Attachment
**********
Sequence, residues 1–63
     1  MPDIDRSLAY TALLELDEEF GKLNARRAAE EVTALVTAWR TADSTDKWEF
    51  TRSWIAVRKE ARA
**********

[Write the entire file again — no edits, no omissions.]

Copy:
Sequence, residues 1–63
     1  MPDIDRSLAY TALLELDEEF GKLNARRAAE EVTALVTAWR TADSTDKWEF
    51  TRSWIAVRKE ARA